Ella Jennings, The Horizon
The grand story of Scripture opens with a poem that begins to capture the essence of who God is: creative and powerful, merciful and loving. The first chapters of Genesis were not meant to be a comprehensive account of all the good that was created. What does this have to do with gender ambiguity?
The author of Genesis uses binaries in an attempt to capture the vastness of creation. We see day and night; sea, sky, and land; fish, birds, and “small animals that scurry along the ground” (1:26). Yet, it is implied that life exists on a continuum between these “opposites.” At what point does green become blue? At what point does day become night? What about deep-sea mammals and birds that can’t fly — to which categories do they belong?
There are many descriptions of humanity that we regularly reduce to binaries which exist on a spectrum, including: height, skin color or race and sexuality. We must learn to accept, accommodate and love those who find themselves alienated by these fixed categories, specifically because of how they are used.
The pre-fall precedent of ambiguity should inform how we think about humans. In Genesis 1:26-27, God declares, “Let us make human beings in our image, to be like us … So God created human beings in his own image. In the image of God he created them; male and female he created them.”
Mentioning both male and female does not mean only males and females were created in the image of God. In fact, claiming that intersex and transgender conditions are the result of “the Fall” has serious implications for how we understand the “imago Dei” in the identities of these people.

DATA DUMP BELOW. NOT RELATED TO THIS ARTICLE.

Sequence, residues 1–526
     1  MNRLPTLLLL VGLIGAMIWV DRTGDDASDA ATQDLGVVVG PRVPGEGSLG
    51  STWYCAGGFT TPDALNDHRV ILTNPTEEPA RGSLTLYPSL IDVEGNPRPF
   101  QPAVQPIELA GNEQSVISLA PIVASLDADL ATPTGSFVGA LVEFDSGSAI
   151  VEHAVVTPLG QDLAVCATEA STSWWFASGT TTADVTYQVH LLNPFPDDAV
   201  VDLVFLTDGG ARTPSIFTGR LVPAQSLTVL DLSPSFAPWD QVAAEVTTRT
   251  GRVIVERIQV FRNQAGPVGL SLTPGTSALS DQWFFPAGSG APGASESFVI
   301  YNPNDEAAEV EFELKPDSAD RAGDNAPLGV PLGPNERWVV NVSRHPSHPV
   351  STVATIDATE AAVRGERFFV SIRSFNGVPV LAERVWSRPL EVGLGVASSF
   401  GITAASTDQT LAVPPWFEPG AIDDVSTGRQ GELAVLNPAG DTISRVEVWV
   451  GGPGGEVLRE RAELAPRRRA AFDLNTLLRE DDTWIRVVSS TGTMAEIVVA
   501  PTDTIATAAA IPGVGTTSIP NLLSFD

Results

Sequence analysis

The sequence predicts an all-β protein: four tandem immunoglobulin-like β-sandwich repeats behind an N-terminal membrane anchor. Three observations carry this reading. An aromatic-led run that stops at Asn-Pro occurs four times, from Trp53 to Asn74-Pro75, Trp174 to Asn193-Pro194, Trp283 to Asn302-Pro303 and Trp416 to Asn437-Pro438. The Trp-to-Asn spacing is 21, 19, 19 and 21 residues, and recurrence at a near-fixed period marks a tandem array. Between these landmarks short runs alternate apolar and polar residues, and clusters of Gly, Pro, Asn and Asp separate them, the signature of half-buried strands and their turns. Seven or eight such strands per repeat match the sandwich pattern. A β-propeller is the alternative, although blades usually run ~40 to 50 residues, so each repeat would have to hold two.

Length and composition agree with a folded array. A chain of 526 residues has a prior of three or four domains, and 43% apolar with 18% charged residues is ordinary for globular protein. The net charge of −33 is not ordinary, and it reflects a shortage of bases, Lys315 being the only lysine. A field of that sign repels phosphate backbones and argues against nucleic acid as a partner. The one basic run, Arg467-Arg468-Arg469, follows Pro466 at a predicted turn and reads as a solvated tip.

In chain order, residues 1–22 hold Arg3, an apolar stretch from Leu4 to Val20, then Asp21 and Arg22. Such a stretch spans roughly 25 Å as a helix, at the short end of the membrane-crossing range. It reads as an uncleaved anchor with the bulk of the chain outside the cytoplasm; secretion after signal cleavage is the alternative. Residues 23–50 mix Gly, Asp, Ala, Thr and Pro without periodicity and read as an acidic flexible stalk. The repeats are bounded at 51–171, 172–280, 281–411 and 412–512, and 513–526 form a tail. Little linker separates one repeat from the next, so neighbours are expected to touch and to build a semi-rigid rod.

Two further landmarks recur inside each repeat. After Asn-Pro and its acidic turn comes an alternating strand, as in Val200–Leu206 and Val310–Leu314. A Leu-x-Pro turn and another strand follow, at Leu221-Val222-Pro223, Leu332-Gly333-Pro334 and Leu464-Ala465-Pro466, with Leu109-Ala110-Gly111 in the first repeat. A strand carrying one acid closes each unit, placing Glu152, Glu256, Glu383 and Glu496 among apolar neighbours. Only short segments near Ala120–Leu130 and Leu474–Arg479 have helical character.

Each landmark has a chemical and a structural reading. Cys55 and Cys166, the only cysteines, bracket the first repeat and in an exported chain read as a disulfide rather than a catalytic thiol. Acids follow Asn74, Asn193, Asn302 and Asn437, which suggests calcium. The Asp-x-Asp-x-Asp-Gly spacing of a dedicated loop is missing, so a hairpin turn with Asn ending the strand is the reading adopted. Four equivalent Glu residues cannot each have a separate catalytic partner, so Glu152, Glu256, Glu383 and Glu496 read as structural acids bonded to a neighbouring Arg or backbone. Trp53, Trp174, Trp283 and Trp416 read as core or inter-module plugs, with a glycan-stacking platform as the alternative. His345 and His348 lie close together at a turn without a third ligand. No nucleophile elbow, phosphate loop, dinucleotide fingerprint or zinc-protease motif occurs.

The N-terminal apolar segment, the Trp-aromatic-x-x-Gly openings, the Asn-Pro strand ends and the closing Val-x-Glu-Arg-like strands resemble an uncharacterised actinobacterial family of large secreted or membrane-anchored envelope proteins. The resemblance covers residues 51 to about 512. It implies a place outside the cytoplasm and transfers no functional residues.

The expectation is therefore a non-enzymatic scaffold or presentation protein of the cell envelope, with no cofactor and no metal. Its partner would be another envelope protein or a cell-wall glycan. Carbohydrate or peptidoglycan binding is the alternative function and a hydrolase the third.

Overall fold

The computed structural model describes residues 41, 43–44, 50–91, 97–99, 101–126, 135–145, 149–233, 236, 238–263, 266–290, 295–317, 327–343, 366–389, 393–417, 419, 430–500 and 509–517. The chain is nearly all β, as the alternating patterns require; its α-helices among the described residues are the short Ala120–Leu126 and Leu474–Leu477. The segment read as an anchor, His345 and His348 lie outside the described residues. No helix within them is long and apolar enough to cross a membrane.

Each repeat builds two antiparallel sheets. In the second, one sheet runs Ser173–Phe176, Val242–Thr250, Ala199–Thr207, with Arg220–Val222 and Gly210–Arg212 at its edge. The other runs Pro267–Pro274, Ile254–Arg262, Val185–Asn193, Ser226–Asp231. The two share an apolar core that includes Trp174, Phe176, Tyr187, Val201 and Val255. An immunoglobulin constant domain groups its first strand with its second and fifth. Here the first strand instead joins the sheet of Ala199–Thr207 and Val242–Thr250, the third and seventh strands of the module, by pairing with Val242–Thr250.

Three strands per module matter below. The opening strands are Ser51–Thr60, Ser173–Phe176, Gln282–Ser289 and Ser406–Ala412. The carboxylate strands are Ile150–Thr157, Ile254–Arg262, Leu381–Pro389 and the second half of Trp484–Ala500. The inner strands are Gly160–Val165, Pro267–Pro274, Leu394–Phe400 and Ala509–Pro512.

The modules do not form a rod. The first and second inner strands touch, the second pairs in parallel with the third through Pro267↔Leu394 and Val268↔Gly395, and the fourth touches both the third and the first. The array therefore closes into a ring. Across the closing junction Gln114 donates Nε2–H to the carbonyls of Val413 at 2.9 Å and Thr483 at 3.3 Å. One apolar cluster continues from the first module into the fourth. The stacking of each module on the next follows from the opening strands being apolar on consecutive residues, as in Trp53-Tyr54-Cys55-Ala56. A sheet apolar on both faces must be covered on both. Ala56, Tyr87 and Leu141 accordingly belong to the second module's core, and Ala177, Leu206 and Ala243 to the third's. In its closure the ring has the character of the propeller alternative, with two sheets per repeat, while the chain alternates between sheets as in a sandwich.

“What does the Bible say about transgender people?” argues that in the second account of creation in Genesis 2, “a non-gendered human is created first and then later a piece of the first person, Adam, is made into the second person, Eve.” There is an emphasis on difference within the context of sameness. Adam and Eve are just the beginning of a family that continues to expand through time and space.
If the first chapters of Genesis are just the beginning of the story, we can understand how Adam and Eve function as progenitors, or parents, as opposed to prototypes, which serve strictly as prescriptive models. There is no exhaustive list of all human relationships in Genesis 1 and 2, and yet we still consider many of these relationships “good” — grandparents, parents, friends, etc.
There is room for sex and gender ambiguity in the creation narrative, and there is certainly room for it in biology. Biological sex differentiation is determined by one gene, in the sex-determining region on the Y chormosome (SRY), which directs the formation of sexual organs.
What happens if someone has an androgen receptor deficiency, so that an individual who is chromosomally XY doesn’t develop male genitalia, appearing anatomically female? Or, on the other hand, if someone who is chromosomally XX has congenital adrenal hyperplasia, resulting in increased testosterone and the formation of full or partial male genitalia? The lines between male and female easily become blurred, and these are just two of many intersex conditions.